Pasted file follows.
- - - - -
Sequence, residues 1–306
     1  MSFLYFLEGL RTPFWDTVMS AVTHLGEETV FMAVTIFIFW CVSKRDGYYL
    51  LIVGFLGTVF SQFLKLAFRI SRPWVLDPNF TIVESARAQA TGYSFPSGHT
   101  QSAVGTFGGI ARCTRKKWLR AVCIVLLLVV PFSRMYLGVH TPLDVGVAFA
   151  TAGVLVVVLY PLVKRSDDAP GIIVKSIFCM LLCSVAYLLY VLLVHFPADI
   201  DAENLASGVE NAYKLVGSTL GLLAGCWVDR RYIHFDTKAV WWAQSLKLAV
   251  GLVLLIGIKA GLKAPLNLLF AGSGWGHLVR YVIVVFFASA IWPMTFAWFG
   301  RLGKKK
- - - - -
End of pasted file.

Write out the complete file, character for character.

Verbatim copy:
Sequence, residues 1–306
     1  MSFLYFLEGL RTPFWDTVMS AVTHLGEETV FMAVTIFIFW CVSKRDGYYL
    51  LIVGFLGTVF SQFLKLAFRI SRPWVLDPNF TIVESARAQA TGYSFPSGHT
   101  QSAVGTFGGI ARCTRKKWLR AVCIVLLLVV PFSRMYLGVH TPLDVGVAFA
   151  TAGVLVVVLY PLVKRSDDAP GIIVKSIFCM LLCSVAYLLY VLLVHFPADI
   201  DAENLASGVE NAYKLVGSTL GLLAGCWVDR RYIHFDTKAV WWAQSLKLAV
   251  GLVLLIGIKA GLKAPLNLLF AGSGWGHLVR YVIVVFFASA IWPMTFAWFG
   301  RLGKKK